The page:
Mycorrhiza Fungi

Mycorrhiza Fungi

As part of the goal to achieve an increase in the world’s agricultural production to meet the needs of a growing global population, farmers and researchers alike must consider the sustainable intensification of agriculture.

To intensify agricultural systems, we must consider improving the amount of production knowledge per hectare – both above and below the soil surface (Rillig et al., 2016). A major, yet relatively misunderstood component of sustainable agricultural intensification is mycorrhizal fungi.

The word mycorrhiza comes from the Greek words mycos meaning fungi, and rhiza meaning soil.

Thus, mycorrhizal fungi are a classification of fungi that grows within the soil. Most notably, this type of fungi often forms symbiotic relationships with plants. Two distinct forms of mycorrhiza exist: ectomycorrhiza which remains outside plant cells, and endomycorrhiza in which part of the fungi exists inside the plant cell (Parniske, 2008).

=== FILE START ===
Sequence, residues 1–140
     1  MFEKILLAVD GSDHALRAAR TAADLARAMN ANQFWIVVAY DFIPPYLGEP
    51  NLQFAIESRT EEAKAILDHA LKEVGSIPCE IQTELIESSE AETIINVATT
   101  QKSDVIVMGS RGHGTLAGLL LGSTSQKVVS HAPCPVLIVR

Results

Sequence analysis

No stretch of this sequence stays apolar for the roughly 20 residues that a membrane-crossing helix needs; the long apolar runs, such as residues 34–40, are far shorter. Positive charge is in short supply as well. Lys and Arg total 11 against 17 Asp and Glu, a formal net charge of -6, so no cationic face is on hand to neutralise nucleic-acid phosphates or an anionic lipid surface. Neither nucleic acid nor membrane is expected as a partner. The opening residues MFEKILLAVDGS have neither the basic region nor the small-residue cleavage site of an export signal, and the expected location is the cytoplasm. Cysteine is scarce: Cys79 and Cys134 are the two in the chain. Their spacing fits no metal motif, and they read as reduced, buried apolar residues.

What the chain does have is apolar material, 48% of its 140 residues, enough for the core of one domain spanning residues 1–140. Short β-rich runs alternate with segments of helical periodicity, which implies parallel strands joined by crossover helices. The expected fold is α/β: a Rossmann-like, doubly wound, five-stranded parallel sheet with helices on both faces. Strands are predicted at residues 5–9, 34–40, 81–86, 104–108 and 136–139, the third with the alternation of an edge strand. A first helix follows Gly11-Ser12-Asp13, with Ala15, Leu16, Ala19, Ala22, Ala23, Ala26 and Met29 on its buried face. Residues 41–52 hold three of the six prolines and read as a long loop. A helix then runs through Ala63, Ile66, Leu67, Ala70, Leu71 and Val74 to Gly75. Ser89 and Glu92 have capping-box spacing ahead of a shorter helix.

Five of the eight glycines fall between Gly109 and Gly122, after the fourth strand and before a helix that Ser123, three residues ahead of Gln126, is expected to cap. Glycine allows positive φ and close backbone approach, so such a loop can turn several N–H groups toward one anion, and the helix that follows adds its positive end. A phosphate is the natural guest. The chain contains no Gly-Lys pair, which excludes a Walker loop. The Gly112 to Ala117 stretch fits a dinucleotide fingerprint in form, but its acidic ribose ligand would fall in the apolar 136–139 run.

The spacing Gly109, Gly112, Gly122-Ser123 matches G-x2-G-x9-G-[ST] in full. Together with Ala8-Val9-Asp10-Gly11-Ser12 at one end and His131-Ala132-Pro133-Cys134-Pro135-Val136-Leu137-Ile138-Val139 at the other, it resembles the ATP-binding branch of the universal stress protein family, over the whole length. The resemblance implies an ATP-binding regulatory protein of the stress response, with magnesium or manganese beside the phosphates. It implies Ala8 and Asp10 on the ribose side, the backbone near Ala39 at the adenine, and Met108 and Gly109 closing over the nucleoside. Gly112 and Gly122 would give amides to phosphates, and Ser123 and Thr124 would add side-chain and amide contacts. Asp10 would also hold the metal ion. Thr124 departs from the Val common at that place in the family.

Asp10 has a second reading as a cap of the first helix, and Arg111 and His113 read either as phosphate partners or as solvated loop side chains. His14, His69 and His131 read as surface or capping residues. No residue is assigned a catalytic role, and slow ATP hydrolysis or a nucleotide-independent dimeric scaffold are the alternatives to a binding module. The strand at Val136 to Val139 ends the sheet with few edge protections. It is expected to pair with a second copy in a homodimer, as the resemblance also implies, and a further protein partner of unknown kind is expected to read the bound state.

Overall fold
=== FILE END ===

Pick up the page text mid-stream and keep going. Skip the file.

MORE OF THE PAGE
Of all mycorrhiza fungi, the arbuscular mycorrhiza (AM) (a relationship between plants and members of an ancient phylum of fungi – Glomeromycota) is the most widespread terrestrial symbiosis, forming relationships with 70 – 90% of all land plant species (Parniske, 2008). For the purposes of agriculture, AM fungi is the most important mycorrhiza to research and incorporate its management into farming practices.

During AM fungi’s evolution, its ability to degrade carbon compounds was lost, preventing them from becoming a pathogen to host plant (Rillig et al., 2016). This interesting trait allowed AM fungi to form relationships with plants within the plant cell, leading to a symbiosis in which the fungi improves the supply of water and nutrients, such as phosphate and nitrogen, to the plant. In return the plant provides up to 20% of fixed carbon to the fungi (Parniske, 2008).

In theory, this contribution to the plant should allow to grow roots deeper into the soil, retrieving more nutrients and thus allow it to grow stronger and increase yields for agricultural crops. Furthermore, AM fungi increases drought resistance of host plants via its ability to improve water uptake (Altieri, Nicholls, Henao, & Lana, 2015). The properties of AM fungi are understood, however, the degree of their contribution to increasing yields and sustaining production relative to other soil properties is not completely understood and would require further research in complex soil relationships to fully understand.